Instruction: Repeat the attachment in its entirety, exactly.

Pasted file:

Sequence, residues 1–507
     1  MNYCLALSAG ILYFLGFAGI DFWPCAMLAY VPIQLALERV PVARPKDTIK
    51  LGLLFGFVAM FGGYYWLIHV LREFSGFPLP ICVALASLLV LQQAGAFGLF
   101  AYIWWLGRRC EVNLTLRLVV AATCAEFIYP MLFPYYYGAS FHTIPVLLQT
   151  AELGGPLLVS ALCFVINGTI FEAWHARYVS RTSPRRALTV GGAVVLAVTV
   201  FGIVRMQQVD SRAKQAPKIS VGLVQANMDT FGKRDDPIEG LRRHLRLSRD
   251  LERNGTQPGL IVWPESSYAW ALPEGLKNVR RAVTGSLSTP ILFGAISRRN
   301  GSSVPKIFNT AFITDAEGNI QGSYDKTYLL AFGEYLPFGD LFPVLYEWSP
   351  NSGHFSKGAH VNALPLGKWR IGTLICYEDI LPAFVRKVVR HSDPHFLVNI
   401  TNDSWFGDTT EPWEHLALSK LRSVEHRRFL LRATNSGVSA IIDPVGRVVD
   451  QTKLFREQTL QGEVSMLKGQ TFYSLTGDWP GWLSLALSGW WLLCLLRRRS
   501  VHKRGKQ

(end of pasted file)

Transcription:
Sequence, residues 1–507
     1  MNYCLALSAG ILYFLGFAGI DFWPCAMLAY VPIQLALERV PVARPKDTIK
    51  LGLLFGFVAM FGGYYWLIHV LREFSGFPLP ICVALASLLV LQQAGAFGLF
   101  AYIWWLGRRC EVNLTLRLVV AATCAEFIYP MLFPYYYGAS FHTIPVLLQT
   151  AELGGPLLVS ALCFVINGTI FEAWHARYVS RTSPRRALTV GGAVVLAVTV
   201  FGIVRMQQVD SRAKQAPKIS VGLVQANMDT FGKRDDPIEG LRRHLRLSRD
   251  LERNGTQPGL IVWPESSYAW ALPEGLKNVR RAVTGSLSTP ILFGAISRRN
   301  GSSVPKIFNT AFITDAEGNI QGSYDKTYLL AFGEYLPFGD LFPVLYEWSP
   351  NSGHFSKGAH VNALPLGKWR IGTLICYEDI LPAFVRKVVR HSDPHFLVNI
   401  TNDSWFGDTT EPWEHLALSK LRSVEHRRFL LRATNSGVSA IIDPVGRVVD
   451  QTKLFREQTL QGEVSMLKGQ TFYSLTGDWP GWLSLALSGW WLLCLLRRRS
   501  VHKRGKQ